“There’s a lady on Church St with the loveliest poinsettias at good prices” she offered.
I was looking for fluffy, good looking poinsettias that wouldn’t break the bank and a colleague at work tried to help. She too wanted some and we agreed to pay this downtown Kingston vendor a visit. She reassured me that I would get parking (in the JPS parking lot…she had business to do at JPS so we wouldn’t be lying) and that she would direct me.
So at the appointed time, we removed our jewellery (Downtown Kingston, DUH!), grabbed our tiny purses (no need to advertise) and headed out in my car. Traffic was heavy going up Duke St. The commercial district that is Downtown Kingston was a bustle with pedestrian and vehicular traffic. On a regular day, Downtown is a bargain hunter’s paradise. So everyone and their mother trying to maximize their Christmas spend was out in the brilliant December sunshine in the middle of the day in the middle of the week.
The traffic was sluggish and I decided to make conversation as we slowly made our way up the road. You see, my passenger/guide is my co-worker but we’re not close friends, if you understand what I mean.
“So what are your plans for Christmas dinner?” I enquired. Food is always a great place to start as far as I am concerned.
“Well…” she hesitated…“We would normally go to my in-laws, but for the past two years we’ve done nothing.”
There was an awkward pause. But not for long. I sensed a story.
“How come?” I pushed.
She sighed. “Two years ago my sister-in-law was rude to me at dinner, Kelly. I was hurt but I held it in. And I decided that I didn’t need to put up with that ever again.”
As I listened, I sensed that she was conflicted, that she responded the only way she thought she could have, but that she wasn’t comfortable with her own decision.
“So how do your hubby and your kids feel about your decision? Don’t they miss the jollification and family togetherness?” I asked gently.
Another sigh. “I’ve encouraged, I’ve begged them to go without me, Kelly, but they don’t.”
I explained to her that as mothers WE are the nucleus of the family, that everything revolves around us, and that if we aren’t happy, no one else is really happy. Then I felt led to share a story with her.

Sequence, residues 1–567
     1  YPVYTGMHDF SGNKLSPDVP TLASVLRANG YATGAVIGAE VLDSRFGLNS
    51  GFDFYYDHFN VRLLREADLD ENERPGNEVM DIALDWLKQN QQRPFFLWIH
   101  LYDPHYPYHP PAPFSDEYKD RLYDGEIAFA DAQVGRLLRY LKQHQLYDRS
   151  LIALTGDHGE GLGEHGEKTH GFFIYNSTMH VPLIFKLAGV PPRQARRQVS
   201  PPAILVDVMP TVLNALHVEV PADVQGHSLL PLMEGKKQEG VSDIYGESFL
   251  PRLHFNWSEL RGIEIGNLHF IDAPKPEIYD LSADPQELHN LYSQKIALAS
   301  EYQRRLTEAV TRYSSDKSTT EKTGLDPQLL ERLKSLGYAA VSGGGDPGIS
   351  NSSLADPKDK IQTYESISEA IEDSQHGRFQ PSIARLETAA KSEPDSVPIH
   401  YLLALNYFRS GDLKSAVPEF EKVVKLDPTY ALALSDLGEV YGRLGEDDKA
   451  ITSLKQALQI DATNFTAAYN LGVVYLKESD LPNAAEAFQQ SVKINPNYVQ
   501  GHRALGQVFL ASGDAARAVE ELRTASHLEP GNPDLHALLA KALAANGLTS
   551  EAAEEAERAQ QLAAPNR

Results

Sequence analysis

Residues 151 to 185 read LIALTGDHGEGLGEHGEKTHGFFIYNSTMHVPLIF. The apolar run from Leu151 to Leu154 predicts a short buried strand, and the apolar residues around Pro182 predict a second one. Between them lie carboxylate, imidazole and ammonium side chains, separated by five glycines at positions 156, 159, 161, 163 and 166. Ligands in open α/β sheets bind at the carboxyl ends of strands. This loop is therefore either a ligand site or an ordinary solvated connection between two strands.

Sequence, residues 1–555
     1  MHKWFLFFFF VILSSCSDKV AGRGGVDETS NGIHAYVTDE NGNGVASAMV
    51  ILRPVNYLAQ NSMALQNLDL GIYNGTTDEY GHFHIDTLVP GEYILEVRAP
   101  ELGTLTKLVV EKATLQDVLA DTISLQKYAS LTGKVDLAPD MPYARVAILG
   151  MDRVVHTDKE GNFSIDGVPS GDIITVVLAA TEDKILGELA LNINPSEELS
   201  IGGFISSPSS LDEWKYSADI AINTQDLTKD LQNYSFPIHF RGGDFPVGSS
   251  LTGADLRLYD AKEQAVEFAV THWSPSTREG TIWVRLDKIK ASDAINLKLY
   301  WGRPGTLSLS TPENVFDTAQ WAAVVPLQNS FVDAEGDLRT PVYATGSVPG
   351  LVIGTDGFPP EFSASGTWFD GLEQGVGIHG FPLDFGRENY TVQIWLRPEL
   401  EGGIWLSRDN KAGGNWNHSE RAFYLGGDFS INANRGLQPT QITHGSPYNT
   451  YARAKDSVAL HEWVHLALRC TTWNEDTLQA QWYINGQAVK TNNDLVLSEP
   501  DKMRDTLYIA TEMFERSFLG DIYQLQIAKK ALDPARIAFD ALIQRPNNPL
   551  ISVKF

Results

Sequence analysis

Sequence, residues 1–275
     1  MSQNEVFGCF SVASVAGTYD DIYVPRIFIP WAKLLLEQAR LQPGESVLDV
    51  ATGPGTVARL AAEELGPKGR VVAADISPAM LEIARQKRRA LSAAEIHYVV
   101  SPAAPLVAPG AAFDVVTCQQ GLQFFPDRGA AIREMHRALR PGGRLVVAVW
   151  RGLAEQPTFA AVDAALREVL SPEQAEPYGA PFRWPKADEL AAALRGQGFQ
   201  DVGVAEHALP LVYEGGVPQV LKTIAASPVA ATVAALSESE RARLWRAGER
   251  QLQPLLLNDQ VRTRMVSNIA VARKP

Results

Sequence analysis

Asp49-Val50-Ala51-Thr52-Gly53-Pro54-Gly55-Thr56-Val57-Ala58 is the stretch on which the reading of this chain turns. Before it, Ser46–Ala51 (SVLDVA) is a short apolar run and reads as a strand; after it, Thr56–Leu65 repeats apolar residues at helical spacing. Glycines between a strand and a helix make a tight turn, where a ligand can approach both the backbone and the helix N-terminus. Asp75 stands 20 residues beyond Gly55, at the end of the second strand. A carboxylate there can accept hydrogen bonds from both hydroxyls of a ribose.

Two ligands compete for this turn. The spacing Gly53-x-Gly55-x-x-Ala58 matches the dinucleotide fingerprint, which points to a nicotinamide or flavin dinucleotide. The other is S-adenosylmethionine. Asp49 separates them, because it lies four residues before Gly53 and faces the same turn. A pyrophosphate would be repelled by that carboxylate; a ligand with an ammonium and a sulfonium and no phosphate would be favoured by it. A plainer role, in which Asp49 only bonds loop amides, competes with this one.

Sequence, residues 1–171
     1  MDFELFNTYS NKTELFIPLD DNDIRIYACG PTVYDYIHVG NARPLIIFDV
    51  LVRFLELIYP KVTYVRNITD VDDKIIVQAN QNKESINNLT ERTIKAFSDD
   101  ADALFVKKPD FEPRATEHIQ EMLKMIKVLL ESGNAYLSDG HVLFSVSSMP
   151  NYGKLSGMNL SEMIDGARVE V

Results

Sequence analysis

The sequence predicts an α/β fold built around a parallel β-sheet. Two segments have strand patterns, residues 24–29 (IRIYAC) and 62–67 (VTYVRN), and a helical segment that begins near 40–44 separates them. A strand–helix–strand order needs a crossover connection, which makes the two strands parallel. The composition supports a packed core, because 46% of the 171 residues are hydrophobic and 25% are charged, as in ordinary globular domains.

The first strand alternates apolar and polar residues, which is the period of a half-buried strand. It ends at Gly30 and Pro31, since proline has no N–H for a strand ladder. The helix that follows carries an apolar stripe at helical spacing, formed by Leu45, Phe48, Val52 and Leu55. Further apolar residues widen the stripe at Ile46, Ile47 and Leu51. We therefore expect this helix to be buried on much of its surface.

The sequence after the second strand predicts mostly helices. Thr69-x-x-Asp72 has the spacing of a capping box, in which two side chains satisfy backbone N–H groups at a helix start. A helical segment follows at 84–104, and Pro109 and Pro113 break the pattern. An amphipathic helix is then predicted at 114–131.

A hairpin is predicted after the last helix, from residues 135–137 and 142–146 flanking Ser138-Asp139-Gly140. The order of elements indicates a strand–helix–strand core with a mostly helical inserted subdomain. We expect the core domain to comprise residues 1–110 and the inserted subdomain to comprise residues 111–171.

I told her about my friend Rachel Cunning. I met Rachel on Twitter. She was a thirty something professional who was suffering from Lupus when we met. She was a lively and engaging tweeter, posting links to interesting topics and offering witty comebacks up and down my timeline. She tweeted in passing that she was spending Christmas alone. Immediately I perked up. No one should be alone at Christmas unless they choose to, is my belief, handed down to me by my own mother. Now let me confess, I am not the most sociable person. I am no social butterfly who loves to entertain. Not me, no Siree. But Christmas has always been a time for family and food and fellowship and so I reached out to her. She immediately accepted my invitation to dinner. It was a bit of a logistical challenge for me as she was not mobile and she lived all the way in Portmore, miles and miles away from my Coopers Hill home. But I planned around it, picked her up early, and warned her that she would have to watch me cook and prepare and just spend the day with me. I got a bedroom ready for her in case she needed to rest and took out blankets and socks since Coopers Hill is delightfully cool at this time of the year. I fussed for nothing. Rachel fit right in with the family and we all embraced her immediately. Our other guests came later in the day and December 25 2016 was another warm, enjoyable, fun time.